There are limited studies on the impact of room temperature on sleep quality, particularly outside laboratories. Also, limited studies investigated the impact of thermal control on sleep quality and energy related matters, while heating and cooling are responsible for 40% of the energy use in buildings. This work investigated the impact of thermal comfort on the sleep quality, gender differences, ventilation mode and thermal control systems, which lead to differences in the energy use. Field test studies of thermal comfort were applied between 2010 and 2014. 13,728 datasets from 61 buildings and 135 participants were collected in participantsâ€™ bedrooms in Japan. The results indicated that female participants had lower comfort temperature, as compared to men, before sleep during the cold months. Otherwise, no significant difference was found between their comfort temperatures, which is in disagreement with the existing research. The sleep quality was improved when thermal sensation was between slightly cool and neutral; and the comfort temperature between 17-27ï‚°C. Natural ventilation had a consistent impact on the sleep quality, as compared to heating and cooling modes. Opening a window improved the sleep quality during the warm months; while reduced it during the cold months. This suggested extra care regarding the natural ventilation to improve the sleep quality and to reduce the energy demand of the building.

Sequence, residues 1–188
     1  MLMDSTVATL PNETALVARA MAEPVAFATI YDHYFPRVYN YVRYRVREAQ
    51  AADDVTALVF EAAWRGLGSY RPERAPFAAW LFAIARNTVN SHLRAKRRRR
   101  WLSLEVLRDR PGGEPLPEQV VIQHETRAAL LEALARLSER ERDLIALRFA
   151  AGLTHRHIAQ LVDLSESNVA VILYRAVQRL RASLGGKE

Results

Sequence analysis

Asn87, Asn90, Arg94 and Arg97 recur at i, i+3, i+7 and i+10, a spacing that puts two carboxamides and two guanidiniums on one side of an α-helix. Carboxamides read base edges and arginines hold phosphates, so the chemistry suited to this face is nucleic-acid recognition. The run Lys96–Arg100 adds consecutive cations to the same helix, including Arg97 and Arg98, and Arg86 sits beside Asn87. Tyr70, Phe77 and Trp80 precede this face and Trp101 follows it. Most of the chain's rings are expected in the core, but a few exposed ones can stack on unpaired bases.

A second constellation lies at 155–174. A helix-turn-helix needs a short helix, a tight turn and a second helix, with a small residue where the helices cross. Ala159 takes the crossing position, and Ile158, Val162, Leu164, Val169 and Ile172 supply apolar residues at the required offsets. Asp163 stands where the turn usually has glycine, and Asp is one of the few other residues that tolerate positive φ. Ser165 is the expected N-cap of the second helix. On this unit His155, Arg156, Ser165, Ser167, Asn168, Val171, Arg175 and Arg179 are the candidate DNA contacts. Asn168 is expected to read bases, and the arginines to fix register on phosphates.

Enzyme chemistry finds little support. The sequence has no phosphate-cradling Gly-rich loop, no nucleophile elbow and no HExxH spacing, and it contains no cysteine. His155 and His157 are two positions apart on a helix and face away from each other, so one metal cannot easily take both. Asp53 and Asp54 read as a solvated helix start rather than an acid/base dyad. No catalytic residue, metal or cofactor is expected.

Keywords thermal comfort, sleep quality, energy, bedroom, gender